Musix Pro Isomorphic Instrument For iPad, iPhone


Shiverware has released Musix Pro – an isomorphic controller and software synth for the iPad and iPhone.

Here’s what they have to say about the benefits of an using isomorphic controller:

Traditional musical instruments are difficult to learn because notes are arranged based on physical constraints. Musix Pro arranges notes based on their harmonic and musical relationships instead, allowing shapes and patterns to emerge that unlock the mathematical beauty of music.

Here are the details:


  • Core/Virtual Midi, OSC
  • 8 Built-in instruments (2 New)
  • Hexagonal and Rectangular layouts
  • Multiple built-in note arrangements
  • Custom layout generation and saving
  • Colourize different notes based on key, scale, and mode
  • Label notes based on Solfege, or Note name
  • Multiple note sizes
  • Multiple color patterns
  • Note Overlap (play 3-note chords with one finger)
  • Retina Support
  • Full iPhone Support

Music Pro is available now in the App Store.


10 thoughts on “Musix Pro Isomorphic Instrument For iPad, iPhone

  1. It’s nice that new ways of expressing music keep coming up, although I don’t think this one will ever prevail, because although traditional instruments have physical constraints, after a point you feel comfortable with them and can rely on touch and feel, which is a something you’ll never have on a tablet, since it’s a flat surface with no physical differences between the notes. With this I’m not saying that there won’t be people who can achieve something “99%” close to the relationship you would see with a physical instrument, but most won’t and no one will 100%.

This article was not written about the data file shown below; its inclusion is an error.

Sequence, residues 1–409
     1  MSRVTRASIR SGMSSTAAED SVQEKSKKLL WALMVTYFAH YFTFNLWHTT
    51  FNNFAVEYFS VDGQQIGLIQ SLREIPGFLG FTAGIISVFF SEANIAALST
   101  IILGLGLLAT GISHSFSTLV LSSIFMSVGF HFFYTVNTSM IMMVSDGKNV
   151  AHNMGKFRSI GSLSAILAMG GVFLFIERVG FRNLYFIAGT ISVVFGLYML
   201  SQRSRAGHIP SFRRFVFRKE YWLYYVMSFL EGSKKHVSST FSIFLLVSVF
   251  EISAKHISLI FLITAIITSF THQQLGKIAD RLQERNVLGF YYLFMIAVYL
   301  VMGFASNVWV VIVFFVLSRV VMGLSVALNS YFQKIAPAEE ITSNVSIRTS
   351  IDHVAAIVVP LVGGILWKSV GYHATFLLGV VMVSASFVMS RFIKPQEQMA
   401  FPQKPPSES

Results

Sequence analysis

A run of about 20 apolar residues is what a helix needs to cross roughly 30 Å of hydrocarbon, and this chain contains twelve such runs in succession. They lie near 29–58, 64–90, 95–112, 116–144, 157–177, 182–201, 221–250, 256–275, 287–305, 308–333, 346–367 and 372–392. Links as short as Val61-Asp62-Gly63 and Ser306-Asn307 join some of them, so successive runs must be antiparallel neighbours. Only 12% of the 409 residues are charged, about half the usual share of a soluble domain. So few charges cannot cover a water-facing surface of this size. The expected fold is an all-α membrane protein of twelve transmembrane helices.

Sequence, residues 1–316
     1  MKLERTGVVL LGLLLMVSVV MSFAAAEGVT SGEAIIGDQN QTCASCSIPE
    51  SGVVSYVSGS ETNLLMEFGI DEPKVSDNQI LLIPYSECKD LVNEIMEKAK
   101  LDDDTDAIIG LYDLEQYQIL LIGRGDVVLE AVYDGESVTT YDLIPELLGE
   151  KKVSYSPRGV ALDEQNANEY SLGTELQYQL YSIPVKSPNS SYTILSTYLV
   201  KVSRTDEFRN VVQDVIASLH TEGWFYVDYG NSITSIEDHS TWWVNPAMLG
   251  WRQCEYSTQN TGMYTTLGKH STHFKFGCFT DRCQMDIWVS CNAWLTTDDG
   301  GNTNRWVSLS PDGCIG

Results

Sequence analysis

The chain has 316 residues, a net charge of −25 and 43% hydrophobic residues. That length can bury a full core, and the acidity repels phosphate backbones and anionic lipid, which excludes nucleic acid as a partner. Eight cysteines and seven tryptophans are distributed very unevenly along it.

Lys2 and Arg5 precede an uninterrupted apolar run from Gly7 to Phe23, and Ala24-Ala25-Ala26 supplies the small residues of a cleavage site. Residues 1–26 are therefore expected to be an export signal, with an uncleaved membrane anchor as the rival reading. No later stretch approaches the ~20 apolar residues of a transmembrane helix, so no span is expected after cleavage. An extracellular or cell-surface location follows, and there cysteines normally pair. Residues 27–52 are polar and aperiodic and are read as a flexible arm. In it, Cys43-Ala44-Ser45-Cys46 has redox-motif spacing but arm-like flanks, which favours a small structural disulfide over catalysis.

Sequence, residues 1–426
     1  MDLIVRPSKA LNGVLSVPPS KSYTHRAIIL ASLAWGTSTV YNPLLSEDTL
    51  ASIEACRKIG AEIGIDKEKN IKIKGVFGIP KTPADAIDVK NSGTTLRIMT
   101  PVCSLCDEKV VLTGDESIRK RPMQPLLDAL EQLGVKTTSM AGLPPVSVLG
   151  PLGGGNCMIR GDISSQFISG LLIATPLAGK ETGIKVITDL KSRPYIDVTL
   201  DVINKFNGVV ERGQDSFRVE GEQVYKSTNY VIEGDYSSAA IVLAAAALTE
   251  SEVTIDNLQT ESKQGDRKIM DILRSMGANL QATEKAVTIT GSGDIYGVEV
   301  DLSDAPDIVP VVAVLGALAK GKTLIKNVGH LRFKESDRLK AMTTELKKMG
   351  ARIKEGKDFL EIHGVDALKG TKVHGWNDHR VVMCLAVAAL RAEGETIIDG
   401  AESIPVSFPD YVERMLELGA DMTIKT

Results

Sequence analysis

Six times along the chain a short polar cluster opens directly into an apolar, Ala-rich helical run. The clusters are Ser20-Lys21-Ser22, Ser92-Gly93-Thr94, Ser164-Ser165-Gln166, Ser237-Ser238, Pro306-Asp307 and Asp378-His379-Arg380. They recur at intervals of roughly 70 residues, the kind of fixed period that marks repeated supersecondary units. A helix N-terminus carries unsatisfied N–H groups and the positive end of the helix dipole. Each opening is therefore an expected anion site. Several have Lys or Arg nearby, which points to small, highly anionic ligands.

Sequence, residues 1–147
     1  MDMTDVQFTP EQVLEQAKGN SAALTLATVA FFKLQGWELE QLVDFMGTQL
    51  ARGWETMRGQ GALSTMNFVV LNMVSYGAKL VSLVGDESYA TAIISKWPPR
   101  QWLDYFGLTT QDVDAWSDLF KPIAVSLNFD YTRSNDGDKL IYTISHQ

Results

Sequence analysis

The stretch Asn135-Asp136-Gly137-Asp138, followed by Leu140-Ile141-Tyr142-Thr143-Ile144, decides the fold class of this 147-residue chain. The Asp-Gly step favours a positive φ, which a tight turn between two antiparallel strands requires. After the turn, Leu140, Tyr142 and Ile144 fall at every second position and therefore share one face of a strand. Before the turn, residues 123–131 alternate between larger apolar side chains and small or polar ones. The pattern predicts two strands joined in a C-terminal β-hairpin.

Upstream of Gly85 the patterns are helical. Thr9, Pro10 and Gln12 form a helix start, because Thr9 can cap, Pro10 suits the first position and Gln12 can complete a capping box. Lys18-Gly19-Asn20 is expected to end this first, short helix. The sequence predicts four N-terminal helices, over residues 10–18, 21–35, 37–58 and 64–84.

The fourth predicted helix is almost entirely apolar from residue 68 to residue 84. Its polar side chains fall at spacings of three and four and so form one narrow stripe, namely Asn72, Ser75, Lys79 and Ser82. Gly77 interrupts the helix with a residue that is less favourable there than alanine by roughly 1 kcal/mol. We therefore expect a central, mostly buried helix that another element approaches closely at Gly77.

1. I disagree. Axis 49 or Axis 64 are physical versions all with velocity sensitive input. And it is night and day difference for people who dont want the Old caveman keys to play on. To each their own.
      For me personally… Piano key layout only has one purpose.. and thats to layout your samples and ranges in a linear fashion.. Its trying to explain what its like to be drunk to someone who has never had a sip. I can only speak about the physical controllers using the harmonic scale, Ipad app regardless of what it is… just not ever going to feel right. Ipad apps now.. are like the atari 2600 games of old. in 20 years Im sure something will be a game changer… like how from 2d to 3d changed games

  2. Looks really cool, I’m going to try it out. Suggestion: I would love to see a layout that showed numeric intervals of the scale instead of note names.

  3. I’m actually enjoying this a ton, but I’m wondering if it could be integrated into the Audiobus workflow even though it doesn’t pass audio. Right now, if I want to use Musix to trigger Animoog while recording into Loopy via Audiobus I have no way to access the record controls in Loopy while Musix is up on the screen. Is it possible to get Audiobus support for a midi controller?

    1. This is an excellent idea. Even if the App itself is not doing nothing it could “register” itself as a controller or a simple watcher.

  4. That tutorial had me wowed.
    Started with my usual sneer: “Cute yea, but they haven’t thought about… Oh. so they got that too.”
    Point is: This looks like the flat area note control interface done right.
    Good job!

    Now just gotta get me a flat surface where it’s available.

    One suggestion: I like it when you can hit the exact note wherever my fat finger hits the key area, then bend it by moving away the finger from the original hit spot.
    In MIDI, that might mean sending x/y offset as controller values. This could be used to control any synth params of course.

Leave a Reply